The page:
None of that changes the fact doxxing is an asshole move. The only purpose is to harass the victim rather than engage in civil discourse.
GamerGate is not about ethics. It is about being pissy because female gamers (and their allies) would like a few games for themselves. It also has an unoriginal and stupid name.
Note: what I’m writing is not intended to be a eulogy or memorial for anyone. These are my thoughts inspired by the passing of a peripheral friend. My friend Melissa Kaercher wrote a terrific memorial. I suggest you read it.
Over the weekend, news came that a peripheral friend was severely ill and would soon pass away. Within 24 hours, we learned that she was gone.
I’m not going to pretend that I knew Holly very well. Sadly, I didn’t know her very well at all.
I’m a performer so it could be assumed that I’m an extrovert. And sometimes I am.
When I find myself in large group situations, however, I tend to gravitate towards people I know well. It takes me a long time to open up to new people. That isn’t their fault. It’s mine.
I knew Holly because she attended Butt-Numb-a-Thon – a gigantic, weird film festival I also attend every year. I talked to her for a few minutes here and there. But I didn’t really know her. She was one of dozens of people with whom I have a glancing relationship for one weekend every year.
She’s gone now and what I see online is an outpouring of love on her Facebook wall. Yet that wall isn’t her. It is a digital shadow of her.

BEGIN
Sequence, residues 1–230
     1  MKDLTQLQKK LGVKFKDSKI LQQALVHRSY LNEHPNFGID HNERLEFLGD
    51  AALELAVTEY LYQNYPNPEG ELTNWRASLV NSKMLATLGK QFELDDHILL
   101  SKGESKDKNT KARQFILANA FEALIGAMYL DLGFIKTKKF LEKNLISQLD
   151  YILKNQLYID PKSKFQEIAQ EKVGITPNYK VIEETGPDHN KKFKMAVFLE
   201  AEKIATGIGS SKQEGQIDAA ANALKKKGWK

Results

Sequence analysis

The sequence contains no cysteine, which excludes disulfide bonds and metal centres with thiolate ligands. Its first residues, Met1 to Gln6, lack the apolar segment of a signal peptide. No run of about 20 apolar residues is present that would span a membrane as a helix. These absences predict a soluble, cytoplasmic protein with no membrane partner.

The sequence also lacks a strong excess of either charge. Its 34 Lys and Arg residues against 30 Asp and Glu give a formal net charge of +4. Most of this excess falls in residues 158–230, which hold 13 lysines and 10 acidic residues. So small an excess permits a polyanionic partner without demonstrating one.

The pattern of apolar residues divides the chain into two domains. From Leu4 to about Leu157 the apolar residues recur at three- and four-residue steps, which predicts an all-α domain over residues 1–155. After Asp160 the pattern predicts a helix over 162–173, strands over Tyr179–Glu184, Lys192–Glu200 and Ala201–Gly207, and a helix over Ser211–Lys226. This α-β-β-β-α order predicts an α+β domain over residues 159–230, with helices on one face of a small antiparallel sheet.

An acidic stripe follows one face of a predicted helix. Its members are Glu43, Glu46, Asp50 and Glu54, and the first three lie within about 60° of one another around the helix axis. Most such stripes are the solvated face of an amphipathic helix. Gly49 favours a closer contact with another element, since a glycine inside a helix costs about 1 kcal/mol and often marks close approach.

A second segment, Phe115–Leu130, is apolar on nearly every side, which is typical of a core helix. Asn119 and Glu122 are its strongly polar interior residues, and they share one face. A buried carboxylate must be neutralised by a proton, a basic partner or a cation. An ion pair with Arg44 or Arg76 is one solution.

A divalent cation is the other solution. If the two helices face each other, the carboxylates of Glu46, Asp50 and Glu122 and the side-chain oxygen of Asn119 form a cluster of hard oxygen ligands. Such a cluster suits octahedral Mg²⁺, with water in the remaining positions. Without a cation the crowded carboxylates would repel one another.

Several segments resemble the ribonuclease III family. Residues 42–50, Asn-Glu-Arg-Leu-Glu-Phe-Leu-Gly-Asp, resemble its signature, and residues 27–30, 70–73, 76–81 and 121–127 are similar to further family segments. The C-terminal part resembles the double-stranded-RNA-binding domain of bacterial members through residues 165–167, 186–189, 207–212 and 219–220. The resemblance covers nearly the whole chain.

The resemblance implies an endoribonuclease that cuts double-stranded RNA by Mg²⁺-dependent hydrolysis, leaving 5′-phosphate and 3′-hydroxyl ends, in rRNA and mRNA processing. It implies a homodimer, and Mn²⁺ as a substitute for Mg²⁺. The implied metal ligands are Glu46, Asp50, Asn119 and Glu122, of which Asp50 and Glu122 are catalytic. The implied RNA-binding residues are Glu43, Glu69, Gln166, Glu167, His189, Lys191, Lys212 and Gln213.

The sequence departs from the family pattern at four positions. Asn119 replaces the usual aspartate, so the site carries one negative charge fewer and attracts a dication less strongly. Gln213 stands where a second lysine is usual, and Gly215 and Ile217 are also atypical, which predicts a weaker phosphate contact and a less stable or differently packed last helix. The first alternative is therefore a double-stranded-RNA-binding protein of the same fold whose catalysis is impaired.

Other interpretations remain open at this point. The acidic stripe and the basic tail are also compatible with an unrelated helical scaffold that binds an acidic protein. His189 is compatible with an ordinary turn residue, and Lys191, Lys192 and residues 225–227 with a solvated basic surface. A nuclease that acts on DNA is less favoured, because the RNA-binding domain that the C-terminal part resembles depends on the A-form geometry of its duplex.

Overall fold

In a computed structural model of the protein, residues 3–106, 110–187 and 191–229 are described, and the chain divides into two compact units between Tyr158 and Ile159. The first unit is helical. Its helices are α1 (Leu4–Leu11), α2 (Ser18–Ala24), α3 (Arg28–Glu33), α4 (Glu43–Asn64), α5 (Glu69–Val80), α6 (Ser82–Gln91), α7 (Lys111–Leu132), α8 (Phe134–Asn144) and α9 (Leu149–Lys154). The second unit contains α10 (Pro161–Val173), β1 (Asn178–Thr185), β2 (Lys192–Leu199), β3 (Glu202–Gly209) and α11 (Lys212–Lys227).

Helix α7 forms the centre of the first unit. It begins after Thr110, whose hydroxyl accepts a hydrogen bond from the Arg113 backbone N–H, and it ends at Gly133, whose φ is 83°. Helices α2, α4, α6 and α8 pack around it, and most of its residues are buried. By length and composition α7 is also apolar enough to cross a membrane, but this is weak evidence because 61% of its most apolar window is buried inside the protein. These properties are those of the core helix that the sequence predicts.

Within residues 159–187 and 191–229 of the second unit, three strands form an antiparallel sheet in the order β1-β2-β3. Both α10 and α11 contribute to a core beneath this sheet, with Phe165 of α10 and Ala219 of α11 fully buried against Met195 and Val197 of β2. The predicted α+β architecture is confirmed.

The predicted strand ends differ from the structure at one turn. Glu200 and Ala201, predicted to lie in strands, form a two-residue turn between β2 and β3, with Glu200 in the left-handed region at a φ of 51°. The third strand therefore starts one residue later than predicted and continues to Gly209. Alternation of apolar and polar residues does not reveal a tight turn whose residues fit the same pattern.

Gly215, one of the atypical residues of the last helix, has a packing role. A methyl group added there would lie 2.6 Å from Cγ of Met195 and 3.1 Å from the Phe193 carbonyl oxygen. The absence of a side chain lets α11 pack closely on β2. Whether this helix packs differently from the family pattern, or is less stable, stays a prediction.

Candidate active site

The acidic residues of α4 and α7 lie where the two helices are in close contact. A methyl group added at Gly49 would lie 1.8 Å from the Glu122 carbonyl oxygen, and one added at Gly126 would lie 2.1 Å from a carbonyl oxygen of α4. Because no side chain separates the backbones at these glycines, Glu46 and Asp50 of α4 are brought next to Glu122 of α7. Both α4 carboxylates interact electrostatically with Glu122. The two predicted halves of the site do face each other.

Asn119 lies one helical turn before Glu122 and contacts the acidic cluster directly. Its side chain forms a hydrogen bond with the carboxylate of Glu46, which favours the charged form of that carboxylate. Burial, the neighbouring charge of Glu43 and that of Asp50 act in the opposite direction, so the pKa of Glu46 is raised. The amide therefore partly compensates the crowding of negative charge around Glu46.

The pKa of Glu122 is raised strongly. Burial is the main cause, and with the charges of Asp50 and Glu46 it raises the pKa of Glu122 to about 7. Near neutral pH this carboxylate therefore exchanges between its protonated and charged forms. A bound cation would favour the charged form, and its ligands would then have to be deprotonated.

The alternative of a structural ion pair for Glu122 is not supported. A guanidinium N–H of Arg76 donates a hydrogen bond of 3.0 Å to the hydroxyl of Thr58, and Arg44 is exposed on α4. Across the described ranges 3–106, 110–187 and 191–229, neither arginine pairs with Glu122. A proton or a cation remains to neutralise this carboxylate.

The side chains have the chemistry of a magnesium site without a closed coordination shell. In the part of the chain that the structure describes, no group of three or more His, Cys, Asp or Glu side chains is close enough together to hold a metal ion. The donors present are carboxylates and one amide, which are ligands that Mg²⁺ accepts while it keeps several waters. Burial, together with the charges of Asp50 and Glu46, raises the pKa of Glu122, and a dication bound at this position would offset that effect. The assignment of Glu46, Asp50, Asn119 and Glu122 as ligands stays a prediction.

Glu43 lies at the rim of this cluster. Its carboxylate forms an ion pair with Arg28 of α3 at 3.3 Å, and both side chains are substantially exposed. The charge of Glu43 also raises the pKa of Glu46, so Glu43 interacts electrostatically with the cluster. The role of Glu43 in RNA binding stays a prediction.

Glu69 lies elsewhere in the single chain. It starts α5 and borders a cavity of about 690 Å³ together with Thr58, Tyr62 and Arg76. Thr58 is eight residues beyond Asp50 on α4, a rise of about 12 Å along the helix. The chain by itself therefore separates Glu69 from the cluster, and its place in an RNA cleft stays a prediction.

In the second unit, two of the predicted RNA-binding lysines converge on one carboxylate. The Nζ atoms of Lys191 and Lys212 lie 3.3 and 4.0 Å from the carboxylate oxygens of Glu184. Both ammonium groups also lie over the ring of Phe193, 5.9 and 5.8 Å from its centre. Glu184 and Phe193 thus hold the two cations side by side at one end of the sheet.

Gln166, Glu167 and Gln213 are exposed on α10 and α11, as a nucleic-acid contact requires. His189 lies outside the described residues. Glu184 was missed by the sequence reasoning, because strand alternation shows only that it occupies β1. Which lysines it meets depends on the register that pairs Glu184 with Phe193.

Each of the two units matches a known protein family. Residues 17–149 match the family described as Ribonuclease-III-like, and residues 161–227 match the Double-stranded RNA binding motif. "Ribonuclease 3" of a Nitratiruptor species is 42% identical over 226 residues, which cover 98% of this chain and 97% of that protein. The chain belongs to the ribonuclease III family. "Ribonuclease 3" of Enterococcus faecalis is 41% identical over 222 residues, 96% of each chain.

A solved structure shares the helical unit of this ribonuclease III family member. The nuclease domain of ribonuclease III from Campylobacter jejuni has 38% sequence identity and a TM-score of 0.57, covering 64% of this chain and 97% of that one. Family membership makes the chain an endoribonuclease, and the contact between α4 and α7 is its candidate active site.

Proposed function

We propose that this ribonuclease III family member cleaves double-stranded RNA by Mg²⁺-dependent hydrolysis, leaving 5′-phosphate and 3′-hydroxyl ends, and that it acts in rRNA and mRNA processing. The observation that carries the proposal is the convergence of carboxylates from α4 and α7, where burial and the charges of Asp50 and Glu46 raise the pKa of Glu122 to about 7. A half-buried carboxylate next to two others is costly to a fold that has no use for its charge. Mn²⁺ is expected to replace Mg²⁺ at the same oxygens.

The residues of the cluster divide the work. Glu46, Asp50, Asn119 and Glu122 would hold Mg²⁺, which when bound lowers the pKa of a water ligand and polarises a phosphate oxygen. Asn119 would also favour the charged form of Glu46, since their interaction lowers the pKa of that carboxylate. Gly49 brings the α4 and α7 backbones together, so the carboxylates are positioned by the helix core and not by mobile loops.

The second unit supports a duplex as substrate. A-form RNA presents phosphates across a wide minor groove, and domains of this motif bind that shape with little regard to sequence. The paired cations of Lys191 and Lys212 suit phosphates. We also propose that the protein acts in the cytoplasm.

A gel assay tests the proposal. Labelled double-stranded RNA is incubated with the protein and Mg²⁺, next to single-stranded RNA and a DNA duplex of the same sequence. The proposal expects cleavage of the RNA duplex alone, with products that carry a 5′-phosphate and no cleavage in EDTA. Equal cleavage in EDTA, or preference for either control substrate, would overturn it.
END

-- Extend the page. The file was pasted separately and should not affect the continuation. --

I don’t believe in an afterlife so I don’t believe she will ever see any of the kind words that were written about her. They are there, perhaps, for her family or loved ones but more, I think, for the person who left the post.
I don’t believe there is anything wrong with that. We all have to process grief in the way that feels right for us. Grief is not for the dead, it is for the living.
I’m more amazed at how there is a shadow Holly out there on the internet who will be there for some indeterminate length of time and who acts as a surrogate for the person who is no longer there. The posts will cease after a while but she will still be there in some strange sense.
There’s an idea for a horror movie in there…
Looking at the outpouring of love for someone who is no longer with us, I have made a decision.
Kind words spoken to a ghost in the machine aren’t enough for me. I think I need to say kind words to those who are still alive.
So yesterday, I decided to honor the memory of Holly (and so many other friends who have passed) by telling people I appreciate them while they are still around to read it.
If you get a personal message from me tomorrow or next week or next year, that’s why. One message a day. Give or take.
Life is short. You never know when someone will exit your life forever. I’d like everyone to know how important they are to me while they are still around to appreciate it.